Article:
Proposed Industrial Garden City in Darra – 1918

The Proposed Industrial Garden City in Darra, initially presented at the Second Australian Town Planning Conference in Brisbane in 1918 by Dr. Thomas Arthur Price, the Mayor of Toowoomba, showcased a visionary urban development plan. Inspired by the Garden City Movement and citing the First Industrial Garden City in Letchworth in England, the proposal aimed to address social inequality, improve worker conditions, and facilitate the reintegration of returned soldiers post-World War I.

Located conveniently for industry with access to coal, river, rail, and road, Darra emerged as an ideal site for this ambitious project. The plan featured a central core for public buildings, surrounded by business and factory areas, with provisions for educational institutions, healthcare facilities, shopping centers, and recreational spaces strategically integrated throughout the city.

To ensure efficiency and harmony, factories were planned for discreet operation, separated from residential areas by parklands. Noxious industries were designated away from the town center, while vast timber reserves and botanical gardens offered recreational opportunities and revenue potential. Additionally, areas were earmarked for repatriation purposes, including model farms and training grounds for the partially disabled.

Anticipating future advancements, the proposal envisioned a power station and gas supply infrastructure to support industrial needs sustainably. While the proposal emerged nearly a century ago, its holistic approach to urban planning, blending industry with green spaces and social amenities, remains a source of inspiration for sustainable urban development initiatives today.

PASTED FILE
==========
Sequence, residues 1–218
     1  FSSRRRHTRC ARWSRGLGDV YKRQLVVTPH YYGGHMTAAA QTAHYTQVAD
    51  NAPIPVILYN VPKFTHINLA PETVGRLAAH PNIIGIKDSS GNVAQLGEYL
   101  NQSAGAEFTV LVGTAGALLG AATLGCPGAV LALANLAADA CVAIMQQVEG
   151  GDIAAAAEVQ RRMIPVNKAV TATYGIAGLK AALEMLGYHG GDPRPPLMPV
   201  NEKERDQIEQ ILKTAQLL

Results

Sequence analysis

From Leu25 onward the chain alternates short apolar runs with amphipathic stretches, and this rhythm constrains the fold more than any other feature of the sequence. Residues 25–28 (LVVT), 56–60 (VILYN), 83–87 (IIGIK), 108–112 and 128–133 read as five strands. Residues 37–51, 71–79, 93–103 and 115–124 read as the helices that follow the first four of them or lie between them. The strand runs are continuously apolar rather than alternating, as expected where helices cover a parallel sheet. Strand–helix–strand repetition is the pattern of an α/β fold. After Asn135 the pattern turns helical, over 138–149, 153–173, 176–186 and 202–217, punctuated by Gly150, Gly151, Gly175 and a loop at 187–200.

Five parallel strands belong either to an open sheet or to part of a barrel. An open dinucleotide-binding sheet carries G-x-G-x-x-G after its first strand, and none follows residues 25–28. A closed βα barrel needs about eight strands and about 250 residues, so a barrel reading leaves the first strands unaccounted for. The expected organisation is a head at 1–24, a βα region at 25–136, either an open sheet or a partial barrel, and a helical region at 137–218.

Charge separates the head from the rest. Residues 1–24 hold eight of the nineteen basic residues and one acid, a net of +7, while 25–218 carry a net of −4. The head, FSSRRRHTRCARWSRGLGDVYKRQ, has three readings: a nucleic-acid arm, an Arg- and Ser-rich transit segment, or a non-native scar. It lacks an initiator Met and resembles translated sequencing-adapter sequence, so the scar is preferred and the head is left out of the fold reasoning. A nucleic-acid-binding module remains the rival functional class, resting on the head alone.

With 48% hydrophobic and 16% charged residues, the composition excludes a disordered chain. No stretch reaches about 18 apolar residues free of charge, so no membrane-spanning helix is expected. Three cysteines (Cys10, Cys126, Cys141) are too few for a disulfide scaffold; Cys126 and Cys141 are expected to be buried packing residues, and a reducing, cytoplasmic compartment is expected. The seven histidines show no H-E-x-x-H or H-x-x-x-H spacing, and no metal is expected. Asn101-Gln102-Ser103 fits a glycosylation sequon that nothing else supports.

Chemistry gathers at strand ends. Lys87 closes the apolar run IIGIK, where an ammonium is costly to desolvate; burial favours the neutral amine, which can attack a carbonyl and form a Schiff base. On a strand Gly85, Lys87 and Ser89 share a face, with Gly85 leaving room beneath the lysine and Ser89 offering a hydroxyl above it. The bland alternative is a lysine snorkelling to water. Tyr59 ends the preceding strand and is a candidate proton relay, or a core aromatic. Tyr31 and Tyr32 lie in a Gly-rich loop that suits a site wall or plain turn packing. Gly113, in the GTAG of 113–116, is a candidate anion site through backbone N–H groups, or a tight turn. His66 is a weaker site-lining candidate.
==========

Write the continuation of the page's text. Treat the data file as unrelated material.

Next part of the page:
The following map is an overlay that show where – in the Darra Plan – Camp Columbia was built in 1942.

See also: Proposed Satellite Town at Darra, Brisbane UQ

Centenary Estates project

Nothing eventuated until 1959 when the Centenary Estates project was announced . It organised residential, commercial and industrial areas on 3500 acres of land, allocated to six “self-sufficient” suburbs with 9 kilometres of river frontage and two adjacent industrial estates. A total of 10,261 residential lots were surveyed, anticipating 35,000 residents, with 20% of the land set aside for commercial and industrial purposes. It included the promise of an Olympic-size swimming pool, golf course and a new bridge across the river with supporting infrastructure financed by the developers, as part of a new Centenary Highway connection from the city to Ipswich through the western suburbs.

See: Centenary Estates: Private Development and Brisbane’s Post-War Expansion West

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